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Prescription Medication Dangers
How Prescriptions are Promoted to Fix Lifestyle Choices

Are your pills making things worse?
Are your pills making things worse?

When a personal trainer takes on a new client, they go through a medical questionnaire. One section of the form is just for clients to list the medications they're on. There are two reasons why that information is essential.

First, the drugs you take can change how a trainer monitors your workout.

For example, beta blocker drugs are usually prescribed after a heart attack or to treat abnormal heart rhythms. They slow down your heartbeat. That means clients taking beta blockers may not be able to get their heartbeat up as high as standard fitness charts say. If adjustments aren't made, you could push a client further than what might be helpful.

Second, several drugs interfere with and reduce the effectiveness of exercise.

Statin drugs prescribed to lower cholesterol are a prime example. In an important study carried out by the Division of Cardiology at Duke University Medical Center, researchers found out that statins dramatically REDUCE the effectiveness of a cardio workout.

Knowing about those potential problems helps a trainer create more realistic projections about what that client can achieve.

Over the 20 years I've been training, the number of pills clients have been writing down has steadily grown. Some take so many drugs; they now have to attach a separate sheet to list them all.

The first time I wrote an article about how many pills Americans were taking was in 2005. Then the best estimates said approximately 44% of the country were taking prescription drugs.

By 2018, that number had increased dramatically. According to the American Society of Consultant Pharmacists, “Nearly 70% of Americans are on at least one prescription drug, and more than 50% take two.” For people who are 65 or older, that number is even higher.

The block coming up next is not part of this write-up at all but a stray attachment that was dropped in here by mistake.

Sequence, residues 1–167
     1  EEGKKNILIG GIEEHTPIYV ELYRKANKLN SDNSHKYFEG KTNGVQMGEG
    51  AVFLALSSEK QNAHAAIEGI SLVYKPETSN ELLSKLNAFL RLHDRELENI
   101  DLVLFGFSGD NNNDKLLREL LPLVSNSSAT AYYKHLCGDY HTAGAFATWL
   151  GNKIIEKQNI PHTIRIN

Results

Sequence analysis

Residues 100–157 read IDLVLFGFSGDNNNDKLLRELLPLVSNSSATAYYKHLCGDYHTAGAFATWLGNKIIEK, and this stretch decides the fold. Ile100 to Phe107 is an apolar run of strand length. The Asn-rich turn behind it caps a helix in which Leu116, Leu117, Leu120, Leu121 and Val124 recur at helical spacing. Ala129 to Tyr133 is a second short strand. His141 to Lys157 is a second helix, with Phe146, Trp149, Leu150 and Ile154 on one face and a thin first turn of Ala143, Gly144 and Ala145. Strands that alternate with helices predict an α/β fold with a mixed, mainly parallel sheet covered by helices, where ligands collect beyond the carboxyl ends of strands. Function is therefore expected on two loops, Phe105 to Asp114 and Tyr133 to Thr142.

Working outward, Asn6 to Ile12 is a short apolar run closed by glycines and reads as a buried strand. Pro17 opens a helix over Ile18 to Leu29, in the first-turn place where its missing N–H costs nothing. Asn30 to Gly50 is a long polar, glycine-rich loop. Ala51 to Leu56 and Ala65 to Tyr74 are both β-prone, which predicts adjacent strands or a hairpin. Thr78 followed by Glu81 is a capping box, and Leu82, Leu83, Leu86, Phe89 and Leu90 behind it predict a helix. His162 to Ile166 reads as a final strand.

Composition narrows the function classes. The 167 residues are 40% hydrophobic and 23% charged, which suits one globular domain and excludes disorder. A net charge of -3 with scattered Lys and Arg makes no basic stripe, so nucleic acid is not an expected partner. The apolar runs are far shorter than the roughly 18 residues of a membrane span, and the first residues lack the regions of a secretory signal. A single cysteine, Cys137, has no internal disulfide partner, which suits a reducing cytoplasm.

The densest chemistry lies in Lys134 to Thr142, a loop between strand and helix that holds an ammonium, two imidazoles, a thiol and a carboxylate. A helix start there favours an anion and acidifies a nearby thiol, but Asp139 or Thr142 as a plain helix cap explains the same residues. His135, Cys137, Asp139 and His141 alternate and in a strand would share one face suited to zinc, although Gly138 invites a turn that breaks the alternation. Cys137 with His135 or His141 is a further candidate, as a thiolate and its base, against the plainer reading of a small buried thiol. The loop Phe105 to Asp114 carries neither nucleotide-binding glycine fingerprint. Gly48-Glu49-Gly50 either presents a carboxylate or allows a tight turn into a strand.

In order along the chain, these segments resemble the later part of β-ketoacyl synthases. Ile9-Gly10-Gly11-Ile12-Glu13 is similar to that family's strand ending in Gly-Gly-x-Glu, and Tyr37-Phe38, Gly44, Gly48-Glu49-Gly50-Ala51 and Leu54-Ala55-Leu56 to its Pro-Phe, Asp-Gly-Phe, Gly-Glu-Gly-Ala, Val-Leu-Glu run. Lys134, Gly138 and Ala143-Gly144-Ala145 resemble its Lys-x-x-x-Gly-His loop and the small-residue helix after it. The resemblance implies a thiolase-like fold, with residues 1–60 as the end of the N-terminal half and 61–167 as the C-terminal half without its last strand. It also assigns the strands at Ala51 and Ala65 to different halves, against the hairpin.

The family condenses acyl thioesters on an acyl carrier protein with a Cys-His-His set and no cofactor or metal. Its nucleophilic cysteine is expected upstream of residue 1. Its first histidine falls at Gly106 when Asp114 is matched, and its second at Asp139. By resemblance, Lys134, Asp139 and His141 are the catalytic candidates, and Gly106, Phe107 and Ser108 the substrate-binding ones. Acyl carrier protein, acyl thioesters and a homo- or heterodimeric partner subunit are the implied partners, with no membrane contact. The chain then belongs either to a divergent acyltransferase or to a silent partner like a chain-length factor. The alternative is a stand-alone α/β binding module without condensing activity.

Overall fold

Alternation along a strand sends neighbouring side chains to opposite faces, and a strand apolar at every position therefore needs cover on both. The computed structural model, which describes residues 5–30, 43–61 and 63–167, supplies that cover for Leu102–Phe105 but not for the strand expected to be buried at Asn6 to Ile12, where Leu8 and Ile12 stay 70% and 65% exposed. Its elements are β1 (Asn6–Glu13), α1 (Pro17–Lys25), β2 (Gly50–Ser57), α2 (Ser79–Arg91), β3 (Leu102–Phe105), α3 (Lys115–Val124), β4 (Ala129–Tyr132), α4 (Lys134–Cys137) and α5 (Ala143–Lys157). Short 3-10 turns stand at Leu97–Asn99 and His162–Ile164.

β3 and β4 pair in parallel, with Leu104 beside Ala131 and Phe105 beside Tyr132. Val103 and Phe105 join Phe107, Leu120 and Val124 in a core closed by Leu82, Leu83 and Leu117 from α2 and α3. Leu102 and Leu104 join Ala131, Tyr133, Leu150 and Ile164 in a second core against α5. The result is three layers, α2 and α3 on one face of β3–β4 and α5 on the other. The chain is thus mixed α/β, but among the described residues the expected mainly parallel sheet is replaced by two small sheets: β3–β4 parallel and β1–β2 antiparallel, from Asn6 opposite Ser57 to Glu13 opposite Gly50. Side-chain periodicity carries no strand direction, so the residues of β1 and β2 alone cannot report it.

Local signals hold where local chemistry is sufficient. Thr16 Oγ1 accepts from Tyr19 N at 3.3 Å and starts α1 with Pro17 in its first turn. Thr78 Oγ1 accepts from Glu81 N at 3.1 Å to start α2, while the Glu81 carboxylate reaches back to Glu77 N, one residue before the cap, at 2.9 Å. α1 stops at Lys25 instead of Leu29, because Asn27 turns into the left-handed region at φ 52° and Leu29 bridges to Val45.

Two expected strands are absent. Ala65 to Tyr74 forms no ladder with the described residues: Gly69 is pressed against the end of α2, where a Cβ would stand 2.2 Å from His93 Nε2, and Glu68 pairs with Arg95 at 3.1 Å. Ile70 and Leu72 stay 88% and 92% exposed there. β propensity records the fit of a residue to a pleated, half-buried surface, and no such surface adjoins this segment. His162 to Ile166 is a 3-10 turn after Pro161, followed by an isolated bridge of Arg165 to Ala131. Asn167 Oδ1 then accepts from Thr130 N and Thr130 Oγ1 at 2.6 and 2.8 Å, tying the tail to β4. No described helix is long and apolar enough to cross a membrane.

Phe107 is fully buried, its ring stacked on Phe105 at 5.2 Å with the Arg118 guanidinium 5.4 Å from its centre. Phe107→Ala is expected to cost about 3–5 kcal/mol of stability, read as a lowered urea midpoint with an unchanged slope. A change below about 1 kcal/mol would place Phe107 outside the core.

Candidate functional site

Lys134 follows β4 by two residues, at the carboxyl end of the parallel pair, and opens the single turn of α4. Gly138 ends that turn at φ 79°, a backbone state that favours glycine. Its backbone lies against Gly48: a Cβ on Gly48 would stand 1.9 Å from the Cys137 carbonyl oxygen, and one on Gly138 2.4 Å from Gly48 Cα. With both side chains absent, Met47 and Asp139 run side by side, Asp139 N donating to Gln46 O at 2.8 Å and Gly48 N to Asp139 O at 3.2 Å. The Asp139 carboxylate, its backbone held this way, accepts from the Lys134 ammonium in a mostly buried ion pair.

A study published in 2019 by the Kaiser Family Foundation found that 89% of adults 65 and older are taking a prescription medicine. More than half (54%) are taking four or more prescription drugs.

When you dig a little deeper into the drugs people are taking, a pattern emerges. For people over the age of 40, the most common prescriptions are for ACE inhibitors to reduce high blood pressure, lipid-lowering pills for cholesterol, antidiabetic agents, beta blockers and antidepressants.

There's a theme running through those prescriptions. Four out of five on that list are to treat conditions that afflict people who are overweight or obese.

Then there are the drugs to deal with the side effects. If one pill keeps you up, you get prescribed another that puts you to sleep. Got diarrhea from your medication? Drink this medicine to stop it. Have migraines from a drug? Take another one to feel better.

Much of this has happened because of three fundamental problems. How drugs are promoted, who they're marketed to and accountability.

First: Drugs are promoted as the solution, often ignoring more effective lifestyle options.

In 2015 there was a study published in Lancet Diabetes & Endocrinology. Researchers said that if you were on track to develop diabetes, you might consider taking Metformin. That would reduce your chances of developing type 2 diabetes by 18%.